in procession; but an heretical wind having extinguished all their tapers, and discomposed the canopy over the Bon Dieu, I cannot say much for the grandeur of the spectacle. If my eyes were not greatly regaled by the saint's magnificence, my ears were greatly affected in the evening by the music which sang forth his praises. The cathedral was crowded with devotees, and perfumed with incense. Several of its marble altars gleamed with the reflection of lamps, and, altogether, the spectacle was new and imposing. I knelt in one of the aisles, whilst a symphony, in the best style of Corelli, performed with taste and feeling, transported me to Italian climates; and I was quite vexed when a cessation dissolved the charm, to think that I had still so many tramontane regions to pass before I could in effect reach that classic country, where my spirit had so long taken up its abode. Finding it was in vain to wish, or expect any preternatural interposition, and perceiving no conscious angel or Loretto-vehicle, waiting in some dark consecrated corner to bear me away, I humbly returned to my hotel in the Place de Mer, and soothed myself with some terrestrial harmony; till, my eyes growing heavy, I fell fast asleep, and entered the empire of dreams, according to custom, by its ivory portal. What past in those shadowy realms is too thin and unsubstantial to be committed to paper. The very breath of waking mortals would dissipate all the train, and drive them eternally away; give me leave, therefore, to omit the relation of my visionary travels, and have the patience to pursue a sketch of my real ones, from Antwerp to the Hague.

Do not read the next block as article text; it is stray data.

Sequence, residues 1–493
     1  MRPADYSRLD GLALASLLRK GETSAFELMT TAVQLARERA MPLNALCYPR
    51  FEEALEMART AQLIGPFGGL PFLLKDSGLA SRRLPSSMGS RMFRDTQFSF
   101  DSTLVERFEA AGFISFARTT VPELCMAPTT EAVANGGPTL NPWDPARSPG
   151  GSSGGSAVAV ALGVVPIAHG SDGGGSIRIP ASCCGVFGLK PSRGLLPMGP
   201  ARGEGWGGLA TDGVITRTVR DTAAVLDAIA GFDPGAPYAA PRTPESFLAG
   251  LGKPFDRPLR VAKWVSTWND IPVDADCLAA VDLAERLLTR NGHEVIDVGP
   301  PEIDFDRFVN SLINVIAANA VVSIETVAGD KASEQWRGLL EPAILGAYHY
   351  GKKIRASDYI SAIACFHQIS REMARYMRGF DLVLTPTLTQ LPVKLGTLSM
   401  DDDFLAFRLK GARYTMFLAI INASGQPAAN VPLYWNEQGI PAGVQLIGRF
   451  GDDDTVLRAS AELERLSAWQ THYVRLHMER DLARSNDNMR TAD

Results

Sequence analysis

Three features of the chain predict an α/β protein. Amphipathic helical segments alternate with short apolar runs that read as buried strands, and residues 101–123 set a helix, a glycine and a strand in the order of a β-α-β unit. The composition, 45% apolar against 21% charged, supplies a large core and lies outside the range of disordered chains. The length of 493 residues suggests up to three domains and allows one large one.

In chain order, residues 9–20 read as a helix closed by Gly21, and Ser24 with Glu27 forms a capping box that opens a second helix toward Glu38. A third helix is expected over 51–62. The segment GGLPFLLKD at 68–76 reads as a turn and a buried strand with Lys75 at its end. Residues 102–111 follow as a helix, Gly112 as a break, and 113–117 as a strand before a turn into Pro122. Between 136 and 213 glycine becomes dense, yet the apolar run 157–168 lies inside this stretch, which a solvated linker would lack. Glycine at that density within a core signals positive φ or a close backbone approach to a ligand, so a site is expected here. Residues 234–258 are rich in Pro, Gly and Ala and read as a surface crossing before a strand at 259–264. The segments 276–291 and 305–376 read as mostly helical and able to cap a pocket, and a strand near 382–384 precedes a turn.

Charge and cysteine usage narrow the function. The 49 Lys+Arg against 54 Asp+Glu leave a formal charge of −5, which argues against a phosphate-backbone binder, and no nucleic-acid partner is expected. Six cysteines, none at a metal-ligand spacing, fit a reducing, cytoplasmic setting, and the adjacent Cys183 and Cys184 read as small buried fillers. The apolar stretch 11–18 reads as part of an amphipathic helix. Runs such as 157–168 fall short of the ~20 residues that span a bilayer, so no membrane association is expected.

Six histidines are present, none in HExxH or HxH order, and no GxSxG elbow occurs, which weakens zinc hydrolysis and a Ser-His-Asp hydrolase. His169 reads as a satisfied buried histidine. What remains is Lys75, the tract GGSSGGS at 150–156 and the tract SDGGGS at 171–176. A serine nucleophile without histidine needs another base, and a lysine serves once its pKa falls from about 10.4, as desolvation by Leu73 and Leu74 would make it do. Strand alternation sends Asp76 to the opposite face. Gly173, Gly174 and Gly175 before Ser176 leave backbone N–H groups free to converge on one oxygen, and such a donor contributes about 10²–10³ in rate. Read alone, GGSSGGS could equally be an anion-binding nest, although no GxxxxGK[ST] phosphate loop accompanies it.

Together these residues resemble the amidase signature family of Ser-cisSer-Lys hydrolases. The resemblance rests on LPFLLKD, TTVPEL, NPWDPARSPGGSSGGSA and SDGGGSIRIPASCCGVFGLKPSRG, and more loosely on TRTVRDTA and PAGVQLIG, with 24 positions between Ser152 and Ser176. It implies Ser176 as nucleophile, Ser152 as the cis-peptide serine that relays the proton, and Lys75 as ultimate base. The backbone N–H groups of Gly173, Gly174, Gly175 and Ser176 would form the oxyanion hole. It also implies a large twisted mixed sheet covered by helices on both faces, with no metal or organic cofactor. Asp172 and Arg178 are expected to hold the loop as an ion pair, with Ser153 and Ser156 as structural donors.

Monday, June 26th, we were again upon the pavé, rattling and jumbling along between clipped hedges and blighted avenues. The plagues of Egypt have been renewed, one might almost imagine, in this country, by the appearance of the oak trees: not a leaf have the insects spared. After having had the displeasure of seeing no other objects for several hours but these blasted rows, the scene changed to vast tracts of level country, buried in sand and smothered with heath; the particular character of which I had but too good an opportunity of intimately knowing, as a tortoise might have kept pace with us without being once out of breath. Towards evening, we entered the dominions of the United Provinces, and had all their glory of canals, trackschuyts, and windmills, before us. The minute neatness of the villages, their red roofs, and the lively green of the willows which shade them, corresponded with the ideas I had formed of Chinese prospects; a resemblance which was not diminished upon viewing on every side the level scenery of enamelled meadows, with stripes of clear water across them, and innumerable barges gliding busily along. Nothing could be finer than the weather; it improved each moment, as if propitious to my exotic fancies; and, at sun-set, not one single cloud obscured the horizon. Several storks were parading by the water-side, amongst flags and osiers; and, as far as the eye could reach, large herds of beautifully spotted cattle were enjoying the plenty of their pastures. I was perfectly in the environs of Canton, or Ning Po, till we reached Meerdyke. You know fumigations are always the current recipe in romance to break an enchantment; as soon, therefore, as I left my carriage and entered my inn, the clouds of tobacco which filled every one of its apartments dispersed my Chinese imaginations, and reduced me in an instant to Holland. Why should I enlarge upon my adventures at Meerdyke? 'tis but a very scurvy topic. To tell you that its inhabitants are the most uncouth bipeds in the universe would be nothing very new or entertaining; so let me at once pass over the village, leave Rotterdam, and even Delft, that great parent of pottery, and transport you with a wave of my pen to the Hague.